If Gathers was able to develop enough, and there is plenty of chatter that he has, then Hanna and Swaim might be fighting for one spot. However, 2017 could easily be Jason Witten's last season. Dallas may be using this season as a year-long audition for all of these guys to show who might be able to start in 2018.
Camp and preseason will hopefully give us some clarity here. For now, I'm betting on Dallas going long and keeping the options open as the season progresses.
Dallas opened 2016 with just eight offensive linemen on the roster. They had more stability then, though, with veterans Doug Free and Ronald Leary in the mix. The exit of those two players has potentially created the need for some additional bodies.
The move of La'el Collins from guard to tackle appears to be final. That leaves a starting spot at left guard open with several contenders: Byron Bell, Emmett Cleary, Jonathan Cooper, Chaz Green, and Joe Looney.
It's too early to say there's a favorite. How all of these guys continue to compete should be the story of training camp for the offense.
However it unfolds, though, you could have some players with troublesome injury history in key positions. Collins had a foot injury which cost him most of last year. Cooper, a former first-round pick, has had his NFL career nearly derailed by health problems. Green has battled injuries the last two years.
These question marks could easily prompt Dallas to keep some extra depth, at least nine players over eight, at the start of the year. Even if health isn't the concern, they may still not be settled at left guard or with some of the reserve spots and want to keep evaluating guys into the regular season.
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Cowboys en Español: ¿Es Tavon Austin Más Importante de lo que Creemos?
Cada vez más cerca de la verdadera acción en la NFL, tuvimos una oportunidad de ver a los Dallas Cowboys en el campo contra los San Francisco 49ers hace una semana. Francamente, a pesar de perder la ventaja en los últimos segundos del partido, la actuación del equipo dio una muy buena señal a los aficionados de la Estrella Solitaria.
Todavía quedan tres partidos por jugar, empezando por el enfrentamiento contra los Cincinnati Bengals este sábado. Hay muchas cosas que ver de parte de los Dallas Cowboys y quizá algunas de ellas las veamos este mismo fin de semana.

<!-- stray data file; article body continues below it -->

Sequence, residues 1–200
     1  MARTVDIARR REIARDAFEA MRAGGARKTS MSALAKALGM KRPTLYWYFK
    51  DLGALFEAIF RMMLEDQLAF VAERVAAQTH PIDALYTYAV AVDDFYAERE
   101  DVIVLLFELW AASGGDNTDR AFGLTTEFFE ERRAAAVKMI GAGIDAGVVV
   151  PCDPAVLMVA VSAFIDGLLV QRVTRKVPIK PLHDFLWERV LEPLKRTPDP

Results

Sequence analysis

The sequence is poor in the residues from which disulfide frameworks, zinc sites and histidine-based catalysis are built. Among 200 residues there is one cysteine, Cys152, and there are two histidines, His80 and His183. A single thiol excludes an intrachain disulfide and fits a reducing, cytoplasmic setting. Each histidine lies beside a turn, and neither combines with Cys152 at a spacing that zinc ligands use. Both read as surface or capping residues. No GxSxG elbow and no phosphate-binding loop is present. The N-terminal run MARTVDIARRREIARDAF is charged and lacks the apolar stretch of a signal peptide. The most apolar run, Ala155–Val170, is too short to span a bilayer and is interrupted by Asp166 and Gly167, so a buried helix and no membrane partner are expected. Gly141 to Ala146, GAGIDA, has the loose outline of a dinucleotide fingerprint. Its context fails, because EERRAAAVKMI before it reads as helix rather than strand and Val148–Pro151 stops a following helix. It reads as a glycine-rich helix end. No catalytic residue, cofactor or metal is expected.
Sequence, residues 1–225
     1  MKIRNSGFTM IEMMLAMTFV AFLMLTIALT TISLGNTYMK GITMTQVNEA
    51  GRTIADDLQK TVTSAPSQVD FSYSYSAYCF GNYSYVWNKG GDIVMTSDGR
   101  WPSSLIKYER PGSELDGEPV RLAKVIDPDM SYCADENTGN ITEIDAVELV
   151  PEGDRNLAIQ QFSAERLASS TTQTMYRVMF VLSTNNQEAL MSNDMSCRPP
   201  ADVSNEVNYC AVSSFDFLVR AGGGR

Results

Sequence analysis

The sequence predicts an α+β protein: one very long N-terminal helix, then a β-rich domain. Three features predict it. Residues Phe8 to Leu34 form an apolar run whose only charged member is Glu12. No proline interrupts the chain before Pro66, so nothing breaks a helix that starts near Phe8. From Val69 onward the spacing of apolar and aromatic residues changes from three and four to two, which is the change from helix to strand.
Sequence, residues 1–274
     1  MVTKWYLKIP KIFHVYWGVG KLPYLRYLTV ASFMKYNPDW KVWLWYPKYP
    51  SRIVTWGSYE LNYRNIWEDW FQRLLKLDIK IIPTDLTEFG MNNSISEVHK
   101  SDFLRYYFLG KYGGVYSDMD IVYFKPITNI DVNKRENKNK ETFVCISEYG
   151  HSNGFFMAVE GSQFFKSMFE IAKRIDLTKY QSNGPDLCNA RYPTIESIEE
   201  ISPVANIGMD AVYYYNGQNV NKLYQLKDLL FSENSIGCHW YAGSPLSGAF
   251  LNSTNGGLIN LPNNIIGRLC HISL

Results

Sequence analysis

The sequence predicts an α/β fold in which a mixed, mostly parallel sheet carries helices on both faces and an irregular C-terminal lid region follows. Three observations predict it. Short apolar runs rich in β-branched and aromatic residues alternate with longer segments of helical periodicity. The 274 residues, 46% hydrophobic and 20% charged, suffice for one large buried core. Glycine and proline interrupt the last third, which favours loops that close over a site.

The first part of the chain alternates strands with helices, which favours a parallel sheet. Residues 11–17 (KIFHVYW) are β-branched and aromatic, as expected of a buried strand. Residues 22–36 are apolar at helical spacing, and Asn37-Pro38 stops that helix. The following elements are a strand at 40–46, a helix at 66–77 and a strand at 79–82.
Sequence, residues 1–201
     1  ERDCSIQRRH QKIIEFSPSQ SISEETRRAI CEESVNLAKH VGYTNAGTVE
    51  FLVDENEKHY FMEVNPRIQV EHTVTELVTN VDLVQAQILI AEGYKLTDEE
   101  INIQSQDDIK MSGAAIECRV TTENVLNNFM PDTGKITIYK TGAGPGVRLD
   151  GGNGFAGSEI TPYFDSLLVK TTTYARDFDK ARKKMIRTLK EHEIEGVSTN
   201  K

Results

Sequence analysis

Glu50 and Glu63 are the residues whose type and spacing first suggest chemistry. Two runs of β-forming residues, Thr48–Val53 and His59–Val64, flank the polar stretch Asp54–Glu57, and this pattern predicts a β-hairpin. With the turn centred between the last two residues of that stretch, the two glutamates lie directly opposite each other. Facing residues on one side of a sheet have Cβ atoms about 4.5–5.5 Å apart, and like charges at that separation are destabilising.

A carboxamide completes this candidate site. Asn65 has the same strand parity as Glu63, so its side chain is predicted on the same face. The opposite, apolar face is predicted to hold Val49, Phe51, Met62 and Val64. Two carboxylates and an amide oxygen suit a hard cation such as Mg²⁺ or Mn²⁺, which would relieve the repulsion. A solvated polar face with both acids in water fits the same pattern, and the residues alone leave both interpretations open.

Una de las cosas más interesantes esta semana fue la conversación de los wide receivers (receptores abiertos). Lance Lenoir se ha mostrado como un candidato real al roster de 53 jugadores, pero esa es sólo una pequeña fracción de la conversación de receptores.
Hay muchos receptores de que hablar, y el día de hoy, eso haremos en Cowboys en Español.
¿Cole Beasley es realmente el receptor #1?
A lo largo de todo el offseason, se ha manejado la narrativa de que "los Cowboys no tienen un buen WR." A pesar de que Dez Bryant es un nombre difícil de olvidar, esta aseveración sobre los receptores en Dallas me parece errónea.
Si bien es cierto que Bryant es uno de los mejores WRs en la historia de los Cowboys, también es cierto que Jason Garrett y compañía tienen un mejor grupo de lo que la afición considera. Si somos sinceros, un trío titular de Allen Hurns, Cole Beasley y Michael Gallup no suena mal.
La pregunta será: ¿quién es el #1? Comentarios de Dak Prescott han hecho referencia a Cole Beasley como el dueño de dicho rol. ¿Realmente puede fungir como el receptor líder del equipo siendo un jugador de 1.73 metros?
Se ha hablado mucho de Beasley jugando fuera de los números e intentando vencer a los defensivos por fuera. Es intrigante, pero sin duda un poco difícil de creer.
Tavon Austin: ¿Es un arma más importante de lo que creemos?
Los Cowboys dejaron ir a Ryan Switzer y obtuvieron a su aparente remplazo con el ex-WR de los Rams por una selección de sexta ronda. Tavon Austin ha tenido un viaje extraño con el equipo. Fue listado en el roster como un corredor pero utilizado como un receptor.